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Florida Resident Falsified Low Income Customers’ Returns

WASHINGTON, D.C. - The Justice Department announced today that Jacksonville, Florida resident Larry Baxter and his firm, Baxter and Associates Office of Accountancy, P.C., have been permanently barred from preparing federal income tax returns for others. In the opinion rendered on June 3, federal district court Judge Myron H. Thompson observed that Baxter “willfully used his position of trust” as a return preparer “to take advantage of the most vulnerable and needy.”

The civil injunction order was entered after a two-day trial in Dothan, Alabama. Dozens of customers testified at the trial that Baxter made up phony information on their tax returns, such as falsely listing customers as owning day care businesses when they had no such businesses. The court found that Baxter engaged in a pattern of filing fraudulent tax returns, inflating or fabricating business income and expenses, and falsely reporting charitable contributions and employee-expense deductions in order to obtain unwarranted higher tax refunds for his customers.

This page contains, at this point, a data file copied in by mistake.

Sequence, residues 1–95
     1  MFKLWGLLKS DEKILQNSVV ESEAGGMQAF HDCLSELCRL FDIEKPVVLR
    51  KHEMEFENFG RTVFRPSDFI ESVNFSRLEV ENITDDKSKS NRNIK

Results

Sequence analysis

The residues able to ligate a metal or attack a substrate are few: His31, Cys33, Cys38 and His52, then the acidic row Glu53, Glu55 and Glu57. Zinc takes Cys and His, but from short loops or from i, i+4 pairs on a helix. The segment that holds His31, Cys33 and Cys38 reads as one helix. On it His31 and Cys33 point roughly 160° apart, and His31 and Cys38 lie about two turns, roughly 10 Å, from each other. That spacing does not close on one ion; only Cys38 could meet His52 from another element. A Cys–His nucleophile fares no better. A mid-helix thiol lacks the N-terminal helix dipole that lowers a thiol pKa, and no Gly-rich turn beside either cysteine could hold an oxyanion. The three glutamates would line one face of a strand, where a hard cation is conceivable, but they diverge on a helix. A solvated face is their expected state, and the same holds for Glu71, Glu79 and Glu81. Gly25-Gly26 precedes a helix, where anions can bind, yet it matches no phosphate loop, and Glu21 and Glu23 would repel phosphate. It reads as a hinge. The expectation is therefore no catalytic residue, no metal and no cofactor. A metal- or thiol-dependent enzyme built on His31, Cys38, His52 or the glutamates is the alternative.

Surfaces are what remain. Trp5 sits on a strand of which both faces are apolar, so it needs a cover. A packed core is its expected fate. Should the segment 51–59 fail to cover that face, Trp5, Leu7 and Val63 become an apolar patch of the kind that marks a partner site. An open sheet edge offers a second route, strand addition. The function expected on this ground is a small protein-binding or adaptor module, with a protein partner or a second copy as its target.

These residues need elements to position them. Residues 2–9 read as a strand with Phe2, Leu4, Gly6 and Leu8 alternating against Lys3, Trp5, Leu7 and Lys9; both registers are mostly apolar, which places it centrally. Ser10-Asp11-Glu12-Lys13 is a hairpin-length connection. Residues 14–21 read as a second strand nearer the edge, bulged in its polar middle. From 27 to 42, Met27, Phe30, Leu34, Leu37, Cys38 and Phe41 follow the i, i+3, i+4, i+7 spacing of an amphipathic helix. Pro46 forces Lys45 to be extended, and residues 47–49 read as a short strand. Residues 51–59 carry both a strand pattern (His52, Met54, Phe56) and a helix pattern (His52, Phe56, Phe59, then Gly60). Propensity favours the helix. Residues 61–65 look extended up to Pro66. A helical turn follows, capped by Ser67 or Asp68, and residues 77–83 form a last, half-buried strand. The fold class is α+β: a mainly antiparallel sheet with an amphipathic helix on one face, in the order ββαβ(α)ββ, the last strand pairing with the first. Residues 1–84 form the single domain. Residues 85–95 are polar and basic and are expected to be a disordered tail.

Baxter and Associates prepared income tax returns at offices located in Jacksonville, Florida, and in Dothan, Alabama. In a separate order entered earlier in the same case, the judge also barred Dothan, Alabama resident Anita Dawkins, a former Baxter employee, from preparing federal income tax returns for others.

“People who prepare false or fraudulent tax returns cheat their customers as well as the federal treasury in order to enrich themselves,” said Eileen J. O’Connor, Assistant Attorney General for the Justice Department’s Tax Division. “The Department of Justice and the Internal Revenue Service are working vigorously to stop their systematic abuses of the tax system.”

O’Connor thanked Michael R. Pahl, a Justice Department trial attorney who represented the government in the case, and revenue agent Mark DeJournett of the IRS’s Small Business/Self Employed Division, who investigated the case.

The injunction requires Baxter him to mail a copy of it to anyone for whom he prepared a tax-related document since January 1, 2000, and to file with the court a complete list of his customers’ names, addresses, phone numbers, e-mail addresses and Social Security numbers. More information on this case is available at <>.

More information about the Justice Department's efforts against tax-scam promoters can be found at: <>. Information about the Justice Department's Tax Division can be found at: <>.